Measuring the impact of climate change
The Defence Infrastructure Organisation (DIO) developed the Climate Impacts Risk Assessment Methodology (CIRAM) in order to take steps to identify the estate’s vulnerabilities on a site-by-site basis and build adaptive capacity where required [Editor’s note: The first iteration of CIRAM was co-developed by Acclimatise]. The CIRAM process “identifies the risks to defence outputs from current and future climate or extreme weather events, and identifies the actions required to maintain and optimise operational capability,” supporting a number of UK government programmes.
The CIRAM process has four key stages:
- Stage A– Pre-workshop preparation
- Identify who to involve
- Identify site objectives and critical operational functions in delivering its defence output
- Collation of site information (infrastructure and assets) and identification of potential issues
- Collection of historic and projected climatic information for the site
- Stage B– Risk workshop and production of a Climate Resilience Risk Register (CRRR)
- Organising and delivering the risk assessment workshop
- Facilitating the working sessions and completing the CRRR
- Risk identification
- Risk scoring
- Identifying actions, processes and owners
- Stage C– Post-workshop review
- Stage D– Implementation
- Adoption of CRRR and implementation with short,medium and long-term actions
- Integration with management processes
- Monitoring and review (full review every five years)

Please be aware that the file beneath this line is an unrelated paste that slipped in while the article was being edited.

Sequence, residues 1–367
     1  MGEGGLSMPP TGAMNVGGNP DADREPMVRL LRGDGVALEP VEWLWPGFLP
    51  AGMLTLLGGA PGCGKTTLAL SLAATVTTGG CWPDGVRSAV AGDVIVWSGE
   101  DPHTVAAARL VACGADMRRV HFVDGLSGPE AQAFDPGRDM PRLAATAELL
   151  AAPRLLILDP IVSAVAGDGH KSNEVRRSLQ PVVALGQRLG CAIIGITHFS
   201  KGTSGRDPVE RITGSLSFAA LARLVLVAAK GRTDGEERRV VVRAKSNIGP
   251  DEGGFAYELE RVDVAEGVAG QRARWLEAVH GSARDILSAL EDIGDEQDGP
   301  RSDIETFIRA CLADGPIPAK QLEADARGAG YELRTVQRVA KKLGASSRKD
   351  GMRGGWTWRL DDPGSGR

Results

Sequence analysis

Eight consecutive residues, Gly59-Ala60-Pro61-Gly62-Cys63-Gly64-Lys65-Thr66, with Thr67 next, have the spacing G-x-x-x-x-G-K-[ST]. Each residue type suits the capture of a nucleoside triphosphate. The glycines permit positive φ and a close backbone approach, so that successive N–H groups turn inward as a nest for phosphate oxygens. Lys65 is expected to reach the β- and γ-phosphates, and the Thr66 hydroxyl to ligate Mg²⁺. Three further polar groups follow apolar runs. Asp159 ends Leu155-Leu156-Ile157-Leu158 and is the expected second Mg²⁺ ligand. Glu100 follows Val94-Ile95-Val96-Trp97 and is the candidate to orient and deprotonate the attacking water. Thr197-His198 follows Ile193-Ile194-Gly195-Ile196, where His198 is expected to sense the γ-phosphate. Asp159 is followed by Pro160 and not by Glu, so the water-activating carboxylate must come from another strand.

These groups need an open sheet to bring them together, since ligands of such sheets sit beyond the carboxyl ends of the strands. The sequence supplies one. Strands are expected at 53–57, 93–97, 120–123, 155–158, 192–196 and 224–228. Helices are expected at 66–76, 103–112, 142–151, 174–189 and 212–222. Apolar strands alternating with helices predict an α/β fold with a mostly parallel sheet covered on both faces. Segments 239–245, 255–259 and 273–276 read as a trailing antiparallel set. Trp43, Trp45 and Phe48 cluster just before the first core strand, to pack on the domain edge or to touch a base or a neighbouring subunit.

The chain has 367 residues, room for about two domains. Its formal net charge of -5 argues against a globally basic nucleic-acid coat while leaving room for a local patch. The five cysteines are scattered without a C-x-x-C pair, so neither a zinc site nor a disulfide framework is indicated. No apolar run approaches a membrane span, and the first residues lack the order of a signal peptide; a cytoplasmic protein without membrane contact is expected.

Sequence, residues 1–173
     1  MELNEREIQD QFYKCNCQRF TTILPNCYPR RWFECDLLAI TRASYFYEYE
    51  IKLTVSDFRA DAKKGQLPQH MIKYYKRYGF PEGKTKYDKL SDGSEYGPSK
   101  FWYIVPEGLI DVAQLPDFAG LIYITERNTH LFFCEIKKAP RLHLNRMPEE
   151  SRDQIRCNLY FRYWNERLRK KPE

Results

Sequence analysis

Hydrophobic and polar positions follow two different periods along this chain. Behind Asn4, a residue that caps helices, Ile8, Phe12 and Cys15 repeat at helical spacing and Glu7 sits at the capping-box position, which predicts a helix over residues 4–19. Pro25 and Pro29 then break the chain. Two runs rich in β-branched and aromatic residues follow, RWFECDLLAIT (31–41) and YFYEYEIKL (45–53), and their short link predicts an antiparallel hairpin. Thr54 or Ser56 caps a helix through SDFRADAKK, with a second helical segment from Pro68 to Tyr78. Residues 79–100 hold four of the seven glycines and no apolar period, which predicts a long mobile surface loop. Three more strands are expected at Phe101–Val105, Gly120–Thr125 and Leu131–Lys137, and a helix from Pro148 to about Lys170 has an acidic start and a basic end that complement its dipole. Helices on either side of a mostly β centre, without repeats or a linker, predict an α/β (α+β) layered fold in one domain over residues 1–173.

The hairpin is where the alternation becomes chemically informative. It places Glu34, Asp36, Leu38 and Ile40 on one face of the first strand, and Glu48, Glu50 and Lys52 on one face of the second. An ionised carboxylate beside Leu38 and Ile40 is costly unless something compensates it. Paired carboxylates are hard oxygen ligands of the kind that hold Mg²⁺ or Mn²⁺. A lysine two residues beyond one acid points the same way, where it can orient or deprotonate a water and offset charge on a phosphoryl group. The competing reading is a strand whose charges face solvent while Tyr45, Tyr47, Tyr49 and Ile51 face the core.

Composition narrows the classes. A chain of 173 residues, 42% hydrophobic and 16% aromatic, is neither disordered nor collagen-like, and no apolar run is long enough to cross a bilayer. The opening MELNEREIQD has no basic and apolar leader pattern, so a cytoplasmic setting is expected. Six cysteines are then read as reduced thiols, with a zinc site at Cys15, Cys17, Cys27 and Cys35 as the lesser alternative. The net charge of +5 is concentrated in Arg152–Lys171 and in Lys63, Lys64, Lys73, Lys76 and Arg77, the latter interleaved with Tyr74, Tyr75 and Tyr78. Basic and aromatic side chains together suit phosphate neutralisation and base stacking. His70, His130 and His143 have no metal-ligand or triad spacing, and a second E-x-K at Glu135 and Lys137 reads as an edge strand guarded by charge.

Adapting to climate change
As with any business, the findings of the CIRAM process often highlight the need for interdepartmental communication and planning and recognises areas that are likely to need to be addressed in order to protect vital defence infrastructure and maintain the operational capability and training requirements of the UK’s armed forces.Common areas that are likely to require action as a result of the CIRAM process include:
- Strategic estate planning – the location, operation and maintenance of facilities may need to change
- Equipment– specification and location of equipment may need to change
- Health and safety policy – new risks may arise e.g. increased risk of fires or flooding
- Personnel policy – working practices and skills may need to change
- Infrastructure design and construction – major and minor project siting and specifications may need to be future climate proofed
- Operational activities and training emphasis – may need to be revised to adapt to changing threats e.g. increased requirement of military to assist with natural disasters
As well as becoming a contributing factor to future global conflicts in which the UK is involved, climate change is also shaping the UK’s defence requirements, its estate management and its spending priorities. One of the major challenges for the defence estate is to ensure that it recognises and manages the risk posed by climate change, and adapts its infrastructure, its strategic and operational planning and its delivery accordingly.
About the author: Ben Sears PIEMA, PGCE Geography, BSc (Hons) Environmental Protection
Ben Sears is an environmental and sustainability consultant,currently working on a major rail project on his doorstep in Wales, UK. He has experience in civil and commercial construction and is also a qualified Geography teacher.Ben’s main areas of interest include climate adaptation engineering, sustainable procurement and natural philosophy.